Posted on Wed 18 April 2012 in entries

Rob Papen BladeBlade is the new plug-in synth from synth and software designer Rob Papen and it joins an ever-expanding library of instruments and effects that have been created from his own personal visions…


Once installation is complete, which is an incredibly easy process, the synth powers up as a plug-in for use within your existing DAW. For the purposes of this review, I am using it with Logic Pro as a 64-bit AU plug-in, although VST and RTAS formats are also available.

As soon as I loaded up the instrument, I headed straight for the presets and was immediately impressed with the rich variety of timbres that Blade offered. There’s plenty of depth both sonically and in terms of places you could go with this synth, and as always, the presets are there to show off its potential, which they do very well.


With a whole host of synth instruments on the market, there needs to be a nice hook for you to want to look at something that is a little off the beaten track. The big hook with Blade is that it uses additive synthesis as opposed to the far more common subtractive synthesis.

With a subtractive synth, you begin creating your sound with a waveform that is rich in harmonic content, and then you chip away at that waveform using filters to create the timbre you would like, by removing the harmonics you don’t want to hear.

With additive synthesis, you start with a single sine wave, or harmonic, and add more and more to create the timbre you would like, so it’s like ‘subtractive’ in reverse! In fact, there are 96 sine waves available within the oscillator section of Blade, which they call the ‘Harmolator’, and this is where the depth of timbre is created.

[caption id="" align="aligncenter" width="600" caption="Rob Papen Blade Interface"]Rob Papen Blade Interface]([/caption]


The Harmolator gives you plenty of control over the additive architecture of Blade, so you can create everything from very rich and beautiful sounds through to highly distorted textures, added to which, there is an auxilliary envelope, which allows you to route many of these functions through a 5 stage envelope generator.

Outside of the main Harmolator, there are the usual parameter suspects that you would expect to find on a professional synth:- amplitude envelope, a bewildering array of filters (including Low and High pass, Band pass and even a Comb filter, which is a very useful addition), an assignable LFO and a very fun X-Y pad in the centre of the synth, which is also fully assignable, and in pure ‘play’ mode offers some nice dancing graphics as eye candy.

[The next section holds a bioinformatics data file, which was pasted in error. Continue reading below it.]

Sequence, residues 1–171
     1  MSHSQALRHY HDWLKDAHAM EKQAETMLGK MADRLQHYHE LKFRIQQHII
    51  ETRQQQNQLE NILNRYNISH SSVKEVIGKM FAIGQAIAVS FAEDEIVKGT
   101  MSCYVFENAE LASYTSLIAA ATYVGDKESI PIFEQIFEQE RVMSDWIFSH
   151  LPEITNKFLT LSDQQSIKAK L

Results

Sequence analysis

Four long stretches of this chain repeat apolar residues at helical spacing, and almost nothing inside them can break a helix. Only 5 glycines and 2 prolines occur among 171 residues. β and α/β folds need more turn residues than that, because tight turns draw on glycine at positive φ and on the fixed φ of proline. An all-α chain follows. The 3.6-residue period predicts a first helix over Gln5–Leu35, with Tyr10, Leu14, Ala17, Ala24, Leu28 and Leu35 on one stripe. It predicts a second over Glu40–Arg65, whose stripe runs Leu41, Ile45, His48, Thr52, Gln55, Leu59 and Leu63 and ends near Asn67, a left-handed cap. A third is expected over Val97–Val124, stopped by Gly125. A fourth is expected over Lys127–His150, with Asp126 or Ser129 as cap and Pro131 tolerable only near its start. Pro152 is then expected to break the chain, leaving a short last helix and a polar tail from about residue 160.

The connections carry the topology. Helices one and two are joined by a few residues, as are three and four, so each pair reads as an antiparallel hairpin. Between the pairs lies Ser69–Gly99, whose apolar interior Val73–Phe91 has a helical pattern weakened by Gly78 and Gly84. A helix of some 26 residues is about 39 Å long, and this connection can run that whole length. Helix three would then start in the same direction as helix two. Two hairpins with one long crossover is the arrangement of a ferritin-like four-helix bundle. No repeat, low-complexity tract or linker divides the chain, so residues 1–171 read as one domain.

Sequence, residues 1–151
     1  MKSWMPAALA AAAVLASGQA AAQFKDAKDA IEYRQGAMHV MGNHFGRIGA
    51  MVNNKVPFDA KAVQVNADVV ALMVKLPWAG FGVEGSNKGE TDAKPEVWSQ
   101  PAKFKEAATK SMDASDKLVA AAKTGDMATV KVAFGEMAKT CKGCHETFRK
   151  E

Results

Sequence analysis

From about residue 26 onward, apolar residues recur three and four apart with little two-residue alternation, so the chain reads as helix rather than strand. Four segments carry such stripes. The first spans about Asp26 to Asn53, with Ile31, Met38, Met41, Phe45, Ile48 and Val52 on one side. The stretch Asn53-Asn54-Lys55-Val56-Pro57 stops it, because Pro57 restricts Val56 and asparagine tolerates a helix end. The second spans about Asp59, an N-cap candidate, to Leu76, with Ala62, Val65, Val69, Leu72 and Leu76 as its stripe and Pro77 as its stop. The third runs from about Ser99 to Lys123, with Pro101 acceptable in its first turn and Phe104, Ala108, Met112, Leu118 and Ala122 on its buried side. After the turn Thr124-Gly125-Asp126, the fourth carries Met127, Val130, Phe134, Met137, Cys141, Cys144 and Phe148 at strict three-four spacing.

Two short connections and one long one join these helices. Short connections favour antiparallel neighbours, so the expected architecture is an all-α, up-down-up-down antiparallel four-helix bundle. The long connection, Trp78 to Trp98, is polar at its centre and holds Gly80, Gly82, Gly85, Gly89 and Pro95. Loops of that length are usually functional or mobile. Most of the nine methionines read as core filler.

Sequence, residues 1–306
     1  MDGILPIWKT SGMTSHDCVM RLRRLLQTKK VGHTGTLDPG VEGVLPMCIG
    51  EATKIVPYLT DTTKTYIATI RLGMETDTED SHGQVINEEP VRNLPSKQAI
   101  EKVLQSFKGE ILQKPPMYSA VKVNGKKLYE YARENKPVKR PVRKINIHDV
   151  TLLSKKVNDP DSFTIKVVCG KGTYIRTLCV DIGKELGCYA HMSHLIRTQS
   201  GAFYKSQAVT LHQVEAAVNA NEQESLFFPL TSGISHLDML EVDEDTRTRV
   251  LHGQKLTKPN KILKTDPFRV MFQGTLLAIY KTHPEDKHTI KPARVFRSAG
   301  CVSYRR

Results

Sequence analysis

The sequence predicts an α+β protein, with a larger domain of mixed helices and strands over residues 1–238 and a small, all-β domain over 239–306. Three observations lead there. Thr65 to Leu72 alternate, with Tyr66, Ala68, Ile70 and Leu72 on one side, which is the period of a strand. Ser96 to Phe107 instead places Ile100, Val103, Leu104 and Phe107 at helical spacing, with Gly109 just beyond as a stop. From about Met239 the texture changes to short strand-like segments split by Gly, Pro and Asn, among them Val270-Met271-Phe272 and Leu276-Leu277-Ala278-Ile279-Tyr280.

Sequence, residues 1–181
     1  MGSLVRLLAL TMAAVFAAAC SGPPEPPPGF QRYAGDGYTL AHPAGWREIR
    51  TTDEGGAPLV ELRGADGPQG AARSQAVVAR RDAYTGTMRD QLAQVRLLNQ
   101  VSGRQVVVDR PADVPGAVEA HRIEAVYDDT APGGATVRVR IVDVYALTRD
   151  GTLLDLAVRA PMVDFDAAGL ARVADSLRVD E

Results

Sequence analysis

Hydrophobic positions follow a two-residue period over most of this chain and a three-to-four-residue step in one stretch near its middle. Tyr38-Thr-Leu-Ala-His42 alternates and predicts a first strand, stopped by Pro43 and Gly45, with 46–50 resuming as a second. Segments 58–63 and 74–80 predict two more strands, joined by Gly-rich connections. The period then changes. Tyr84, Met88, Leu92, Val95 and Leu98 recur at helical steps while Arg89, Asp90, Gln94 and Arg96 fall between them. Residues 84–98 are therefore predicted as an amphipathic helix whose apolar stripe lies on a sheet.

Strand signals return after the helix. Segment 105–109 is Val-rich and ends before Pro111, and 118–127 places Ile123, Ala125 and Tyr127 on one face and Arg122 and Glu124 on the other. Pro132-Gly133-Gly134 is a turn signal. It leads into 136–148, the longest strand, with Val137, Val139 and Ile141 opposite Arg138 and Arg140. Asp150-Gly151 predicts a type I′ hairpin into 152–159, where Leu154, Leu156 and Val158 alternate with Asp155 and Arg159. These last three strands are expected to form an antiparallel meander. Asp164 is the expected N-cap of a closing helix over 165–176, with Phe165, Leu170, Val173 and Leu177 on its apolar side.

Blade also has a fully programmable step sequencer, so you can build up arpeggiated patterns, or even create a sequence to route elsewhere. All very useful stuff.


Whilst Blade is a very powerful synth that is clearly capable of great things, it will require a degree of practice and ‘getting used to’ before you will be able to get the best out of it. At least, that’s my opinion! Like any synth, it has its own sound, which for me is slightly reminiscent of the Access Virus series, and at a price of €99, it’s certainly excellent value.

Working with version 1.0 of the plug-in, I did find a few minor ‘clunks’ in the interface, although I am sure that these will be ironed out very quickly as I generally find that Rob Papen products are extremely stable. However, whilst I wasn’t too concerned about such small issues (such as an occasionally erratic filter pop-up menu), I was not a great fan of the general design of the interface. I know that this is completely down to personal opinion, and I have spoken to people that completely disagree with me, but I just found the large graphic of a ‘blade’ at the top of the interface, combined with the dark generic background, a bit too ‘obvious’, if you get what I mean. I know that with synths, the sound is the most important thing (and I have already paid testament to how good this is with Blade), but I would just liked to have seen a little bit more effort behind the interface design and slightly larger buttons would also have been welcomed by me.

My only other concern about Blade is that it is quite CPU hungry, although this is to be expected with any additive synth. Loading up a reasonably complicated patch and playing 6 notes on my 2.4Ghz Core 2 Duo laptop, made the metering shoot right up, meaning that I would be forced to track freeze if I used it within a complex arrangement. There is no surprise in finding out that a good synth is power hungry, but it would have been pleasing to see multi-timbrality implemented in Blade, just to lessen the CPU burden and allow users to make full use of the synth in multiple instances.


In essence, Blade is a very interesting synth, which with patience, will yield some incredibly interesting and possibly very different results. Sonically, it has plenty to offer and will be a very versatile addition to any DAW based setup, especially at such a low price.

As I said, there are some minor bugs that need looking at, but these will undoubtedly be fixed with the first Blade update. However, for now, I would suggest heading over to the official Rob Papen website and downloading a free demo for yourself. If you’re after a versatile synthesiser with a trademark additive sound, then you’re not going to find much that rivals Blade, especially at this price point.

For more information on Rob Papen Blade, give us a call on 01202 597180 or click the link below:

Rob Papen Blade - More Info/Buy